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Legislative Task Force on Dyslexia: Penultimate Meeting?

Nov 29, 2018 by

The Legislative Task Force on Dyslexia met this week in an effort to begin (and hopefully finish) drafting their final report to the Legislature which is due on January 30, 2019. It didn’t take long to become clear that more time would be needed.

They did hear from each of their four subcommittees and begin to discuss the draft reports from each. Those subcommittees and their members are:

  • The Subcommittee on Evidence-Based Reading Practices, Rep. Brenda Dietrich, chair. Members are Jennifer Bettles, Jaime Callaghan, Christine Middleton, and Sonja Watkins.
  • The Subcommittee on Pre-Service and In-Service Professional Development, Dr. David Hurford, chair. Members are Alisia Matteoni, Jeanine Phillips, Jeri Powers, and Angie Schreiber.
  • The Subcommittee on Screening and Evaluation Process, Sen. Bruce Givens, chair. Members are Sarah Brinkley, Tally Fleming, and Jennifer Knight.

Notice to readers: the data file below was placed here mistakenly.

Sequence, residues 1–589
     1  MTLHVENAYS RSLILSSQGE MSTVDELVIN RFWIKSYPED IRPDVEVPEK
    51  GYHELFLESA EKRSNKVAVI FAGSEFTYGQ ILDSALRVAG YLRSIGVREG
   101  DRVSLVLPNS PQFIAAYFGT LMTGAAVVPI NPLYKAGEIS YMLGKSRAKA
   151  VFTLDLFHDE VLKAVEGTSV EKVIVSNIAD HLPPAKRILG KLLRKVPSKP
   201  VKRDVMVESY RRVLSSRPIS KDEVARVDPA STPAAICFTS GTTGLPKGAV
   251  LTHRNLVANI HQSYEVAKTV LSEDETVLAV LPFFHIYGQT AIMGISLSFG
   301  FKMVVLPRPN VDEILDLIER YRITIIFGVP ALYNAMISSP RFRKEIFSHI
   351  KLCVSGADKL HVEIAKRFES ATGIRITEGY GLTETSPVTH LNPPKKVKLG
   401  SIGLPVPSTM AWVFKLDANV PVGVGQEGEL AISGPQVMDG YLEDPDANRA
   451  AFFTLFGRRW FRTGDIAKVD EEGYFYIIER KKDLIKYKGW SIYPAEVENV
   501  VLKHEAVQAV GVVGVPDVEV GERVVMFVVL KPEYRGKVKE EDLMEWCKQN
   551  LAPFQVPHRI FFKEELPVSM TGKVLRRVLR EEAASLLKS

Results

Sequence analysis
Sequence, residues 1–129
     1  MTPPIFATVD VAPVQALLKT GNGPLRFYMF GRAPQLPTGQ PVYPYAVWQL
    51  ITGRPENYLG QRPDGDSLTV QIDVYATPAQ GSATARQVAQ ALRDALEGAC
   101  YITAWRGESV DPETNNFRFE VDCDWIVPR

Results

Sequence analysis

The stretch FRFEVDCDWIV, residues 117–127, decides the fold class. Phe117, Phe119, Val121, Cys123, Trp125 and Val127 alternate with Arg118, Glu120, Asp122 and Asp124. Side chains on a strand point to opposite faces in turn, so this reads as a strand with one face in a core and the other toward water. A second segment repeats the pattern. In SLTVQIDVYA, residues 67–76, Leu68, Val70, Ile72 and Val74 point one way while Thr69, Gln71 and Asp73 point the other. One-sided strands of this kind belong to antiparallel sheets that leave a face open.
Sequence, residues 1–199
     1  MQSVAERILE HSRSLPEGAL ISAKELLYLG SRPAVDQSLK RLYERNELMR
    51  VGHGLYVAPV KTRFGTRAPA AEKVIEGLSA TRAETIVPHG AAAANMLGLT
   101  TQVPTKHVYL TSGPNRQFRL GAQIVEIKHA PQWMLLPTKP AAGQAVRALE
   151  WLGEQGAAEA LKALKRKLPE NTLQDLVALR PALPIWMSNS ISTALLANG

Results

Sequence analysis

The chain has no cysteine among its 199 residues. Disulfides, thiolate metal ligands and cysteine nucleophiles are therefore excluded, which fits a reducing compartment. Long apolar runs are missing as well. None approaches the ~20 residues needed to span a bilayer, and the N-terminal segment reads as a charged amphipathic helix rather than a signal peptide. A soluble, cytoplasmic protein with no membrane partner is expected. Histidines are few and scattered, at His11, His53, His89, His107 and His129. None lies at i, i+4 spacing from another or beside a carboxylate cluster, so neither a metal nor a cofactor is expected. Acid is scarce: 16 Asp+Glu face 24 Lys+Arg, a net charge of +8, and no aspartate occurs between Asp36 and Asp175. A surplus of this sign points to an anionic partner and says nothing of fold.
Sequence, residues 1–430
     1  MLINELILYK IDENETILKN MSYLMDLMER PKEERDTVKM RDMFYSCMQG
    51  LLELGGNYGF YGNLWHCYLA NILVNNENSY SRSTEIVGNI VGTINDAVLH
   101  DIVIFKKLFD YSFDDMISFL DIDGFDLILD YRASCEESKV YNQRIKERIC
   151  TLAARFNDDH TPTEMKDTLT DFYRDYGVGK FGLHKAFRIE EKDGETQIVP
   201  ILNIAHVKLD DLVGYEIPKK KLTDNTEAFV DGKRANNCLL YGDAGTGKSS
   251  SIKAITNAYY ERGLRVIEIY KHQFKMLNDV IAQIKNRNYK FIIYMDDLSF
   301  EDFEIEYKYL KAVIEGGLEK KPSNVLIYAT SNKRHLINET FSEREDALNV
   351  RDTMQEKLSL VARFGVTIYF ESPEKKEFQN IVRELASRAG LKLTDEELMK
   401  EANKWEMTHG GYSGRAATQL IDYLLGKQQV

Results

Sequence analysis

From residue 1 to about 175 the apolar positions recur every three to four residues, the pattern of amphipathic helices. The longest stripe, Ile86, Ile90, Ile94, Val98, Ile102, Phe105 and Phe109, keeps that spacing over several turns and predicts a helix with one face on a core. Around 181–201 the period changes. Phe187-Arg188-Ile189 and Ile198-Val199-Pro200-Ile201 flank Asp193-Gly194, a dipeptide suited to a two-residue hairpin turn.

• The Subcommittee on Current State and Federal Law, Laura Jurgensen, chair. Members are Mike Burgess and Lori McMillan. This subcommittee is made up of the ex-officio, non-voting members of the Task Force.

Each of the first three reports generated significant discussion which quickly challenged the agenda set by Task Force Chairman Jim Porter. Dietrich and Hurford both were also carrying edits to their reports as well as suggestions that certain recommendations would be abandoned or dramatically altered.

Among all the recommendations, perhaps those generating the most discussion and concern were the ones dealing with teacher training.